The Brisbane Broncos are the male sideburns of the 2020 NRL. Conspicuous in their absence. Unsightly, yet impossible to avoid seeing. An iso project allowed to run rampant.
With so many more of us at home on Thursday and Friday nights this year, it would be nice to see high-quality rugby league on the box, but instead our primetime loyalty is punished by a weekly infliction of the 2020 Broncos. Even for those of us hopelessly addicted to league, it’s a bit much.
Credit:Illustration: Simon Letch
The Queensland premier’s insistence on health standards in NSW that are unattainable anywhere in the world before consenting to open the border is obviously a symbolic gesture, but symbolic of what? Queensland’s health, the rest of Australia’s dirtiness? The unimpeachability of Queensland’s pristine bubble, against which everywhere else is an infected wilderness? A not-very-well-hidden yearning for secession (again)? In this context, the disengagement of the 2020 Broncos from this year’s competition – they began thinking about 2021 before this season was half-done – is just another raised middle finger to the rest of Australia.
The danger for rugby league is that the Broncos become, through their weekly prominence, a powerful advertisement for the rival code. As league viewers switch, especially in Brisbane, over to the resurgent Lions, the AFL has pounced.
It has already shown a greater flexibility than league in being able to redraw and relocate its entire season (so why can’t league and Nine reshuffle their timetable to get the Broncos off?), and now the AFL has rewarded Queensland’s behaviour with its grand final. There are worthier reasons to hold the event in Adelaide or Perth, both of which have better stadia and larger committed AFL fan bases, and there are solid commercial reasons for holding the match in Sydney. But the AFL, like Gillon McLachlan’s hair, just couldn’t help itself. The AFL pretends that the grand final is a practical solution and recognition of Queensland’s sanitary bubble, when in reality the move is just more of the pandering to Queensland on Queensland’s terms that has landed the NRL with its Broncos problem. Queensland responded to the deal by flying McLachlan, with an extra A-class seat for his hair, up there for the announcement, and hey presto, no quarantine.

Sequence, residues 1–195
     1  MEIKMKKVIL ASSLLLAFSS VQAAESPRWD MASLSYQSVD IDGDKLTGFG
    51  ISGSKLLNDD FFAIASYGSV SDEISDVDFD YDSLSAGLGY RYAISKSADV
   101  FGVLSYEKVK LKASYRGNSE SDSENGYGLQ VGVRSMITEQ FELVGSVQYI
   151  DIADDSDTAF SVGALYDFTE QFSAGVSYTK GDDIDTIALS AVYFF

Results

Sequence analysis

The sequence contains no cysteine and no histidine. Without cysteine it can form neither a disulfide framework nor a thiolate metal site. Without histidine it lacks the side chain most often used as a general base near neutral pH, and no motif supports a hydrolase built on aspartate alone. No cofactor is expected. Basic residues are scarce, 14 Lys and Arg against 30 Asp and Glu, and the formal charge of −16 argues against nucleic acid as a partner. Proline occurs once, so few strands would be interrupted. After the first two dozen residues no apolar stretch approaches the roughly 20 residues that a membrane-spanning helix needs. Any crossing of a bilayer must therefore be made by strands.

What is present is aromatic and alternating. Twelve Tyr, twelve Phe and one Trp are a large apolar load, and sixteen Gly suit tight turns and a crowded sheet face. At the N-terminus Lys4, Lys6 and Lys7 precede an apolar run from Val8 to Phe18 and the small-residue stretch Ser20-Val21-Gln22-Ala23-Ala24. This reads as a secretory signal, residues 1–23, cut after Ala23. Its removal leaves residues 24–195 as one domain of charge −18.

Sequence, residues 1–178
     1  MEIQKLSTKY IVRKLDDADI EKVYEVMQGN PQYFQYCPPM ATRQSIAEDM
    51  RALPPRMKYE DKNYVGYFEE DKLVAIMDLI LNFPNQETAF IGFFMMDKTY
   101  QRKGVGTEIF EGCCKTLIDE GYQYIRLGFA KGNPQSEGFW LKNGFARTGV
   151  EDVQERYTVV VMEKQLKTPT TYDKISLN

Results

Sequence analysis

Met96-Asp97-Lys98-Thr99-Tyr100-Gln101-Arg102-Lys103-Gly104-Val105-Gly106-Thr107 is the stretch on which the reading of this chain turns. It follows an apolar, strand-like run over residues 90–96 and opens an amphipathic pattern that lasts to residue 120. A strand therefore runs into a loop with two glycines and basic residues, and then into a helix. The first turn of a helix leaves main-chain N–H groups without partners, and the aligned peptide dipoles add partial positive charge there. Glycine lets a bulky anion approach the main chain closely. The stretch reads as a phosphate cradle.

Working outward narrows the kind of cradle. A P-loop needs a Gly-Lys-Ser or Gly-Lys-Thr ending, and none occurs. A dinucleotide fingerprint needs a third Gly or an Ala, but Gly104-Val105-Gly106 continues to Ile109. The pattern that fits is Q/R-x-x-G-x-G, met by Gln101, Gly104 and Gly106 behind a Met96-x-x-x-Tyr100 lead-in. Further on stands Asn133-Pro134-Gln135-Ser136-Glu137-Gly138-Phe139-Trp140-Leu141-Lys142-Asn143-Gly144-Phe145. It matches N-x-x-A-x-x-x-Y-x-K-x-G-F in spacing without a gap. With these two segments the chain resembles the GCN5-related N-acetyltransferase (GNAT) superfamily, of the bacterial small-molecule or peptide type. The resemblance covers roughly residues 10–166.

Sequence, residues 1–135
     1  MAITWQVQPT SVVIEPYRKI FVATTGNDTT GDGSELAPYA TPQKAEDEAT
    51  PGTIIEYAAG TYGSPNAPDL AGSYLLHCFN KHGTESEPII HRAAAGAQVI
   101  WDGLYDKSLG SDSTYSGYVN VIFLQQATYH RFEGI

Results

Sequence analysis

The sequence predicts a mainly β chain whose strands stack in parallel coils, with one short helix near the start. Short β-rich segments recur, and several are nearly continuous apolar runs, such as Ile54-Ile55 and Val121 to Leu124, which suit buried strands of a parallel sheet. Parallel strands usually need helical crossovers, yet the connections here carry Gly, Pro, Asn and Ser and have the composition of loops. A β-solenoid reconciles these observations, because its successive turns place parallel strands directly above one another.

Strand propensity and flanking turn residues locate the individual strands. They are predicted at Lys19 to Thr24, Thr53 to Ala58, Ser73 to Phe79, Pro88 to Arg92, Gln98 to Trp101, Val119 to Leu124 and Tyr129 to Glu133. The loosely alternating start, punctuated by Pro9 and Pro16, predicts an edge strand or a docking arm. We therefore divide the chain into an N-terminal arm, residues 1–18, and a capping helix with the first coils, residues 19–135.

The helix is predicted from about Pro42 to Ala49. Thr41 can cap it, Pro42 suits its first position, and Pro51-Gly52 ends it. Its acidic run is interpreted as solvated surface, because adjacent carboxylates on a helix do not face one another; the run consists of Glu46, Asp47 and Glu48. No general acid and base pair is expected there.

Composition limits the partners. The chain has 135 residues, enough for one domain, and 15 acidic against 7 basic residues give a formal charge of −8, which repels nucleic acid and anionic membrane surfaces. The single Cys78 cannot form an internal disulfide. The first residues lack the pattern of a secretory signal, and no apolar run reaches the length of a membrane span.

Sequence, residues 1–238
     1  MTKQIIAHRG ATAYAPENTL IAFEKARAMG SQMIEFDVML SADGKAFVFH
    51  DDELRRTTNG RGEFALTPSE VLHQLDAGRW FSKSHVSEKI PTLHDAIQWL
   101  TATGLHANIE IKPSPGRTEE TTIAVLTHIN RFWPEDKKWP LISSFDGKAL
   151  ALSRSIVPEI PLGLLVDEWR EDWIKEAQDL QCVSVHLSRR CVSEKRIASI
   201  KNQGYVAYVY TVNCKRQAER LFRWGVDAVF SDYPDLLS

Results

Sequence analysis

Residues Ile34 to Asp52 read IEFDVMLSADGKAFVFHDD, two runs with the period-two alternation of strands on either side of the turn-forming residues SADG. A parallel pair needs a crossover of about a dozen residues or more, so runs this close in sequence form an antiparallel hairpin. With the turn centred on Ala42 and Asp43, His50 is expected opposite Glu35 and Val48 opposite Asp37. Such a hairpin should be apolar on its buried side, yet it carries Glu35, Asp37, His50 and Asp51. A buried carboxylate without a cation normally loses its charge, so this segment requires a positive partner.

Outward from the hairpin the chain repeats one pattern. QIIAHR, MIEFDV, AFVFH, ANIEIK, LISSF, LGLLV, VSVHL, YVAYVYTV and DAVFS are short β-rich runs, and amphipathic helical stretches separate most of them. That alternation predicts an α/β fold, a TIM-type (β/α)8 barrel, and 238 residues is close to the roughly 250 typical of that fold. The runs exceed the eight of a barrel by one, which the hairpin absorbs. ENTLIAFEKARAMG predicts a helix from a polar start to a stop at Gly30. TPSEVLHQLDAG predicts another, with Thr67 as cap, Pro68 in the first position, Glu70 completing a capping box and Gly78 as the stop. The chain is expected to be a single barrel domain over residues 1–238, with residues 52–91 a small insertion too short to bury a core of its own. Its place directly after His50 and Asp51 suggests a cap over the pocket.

AFL chief executive Gillon McLachlan and the Lions will fancy their chances in Queensland if the Broncos continue to stutter.Credit:Getty
This response might be seen as Queensland bashing, but I can’t believe Queenslanders could be so thin-skinned. Before they do something radically insular and vindictive like unreasonable border closures to NSW people, they ought to remember that we do love them. We secretly cheer for them in Origin. We rush there with our holiday dollars, or if we can’t, we wish we could. We envy our relatives who live there. They’re beautiful one day, perfect the next. We really, really love the place, but right now our affair feels even more one-sided than usual.
The most optimistic outcome of all these events is that even Queenslanders will eventually realise that they’re part of a federation and the ultimate victims of exceptionalism will be themselves, just as the Broncos have fallen prey to their own monopoly power.
The case for a second Brisbane NRL team is now urgent. Perhaps while it’s being arranged, the de facto second Brisbane team, the Storm, can be permanently resettled there and Cameron Smith can have it both ways, moving to Queensland and still playing in purple. Then he really will go on forever.
A more flexible free-to-air TV schedule is also imperative. If the Warriors and Storm can turn gypsy for the year, can’t our friends at Nine manage to relocate their crews? Out of 17 rounds so far this year, 13 have featured the abominable Broncos in prime-time on Thursday or Friday.
We get a break next week, but then they’re back for the last two rounds, just like those missing sideburns on all the players, an ugly emptiness, a 2020 fashion statement making this year memorable for all the wrong reasons.
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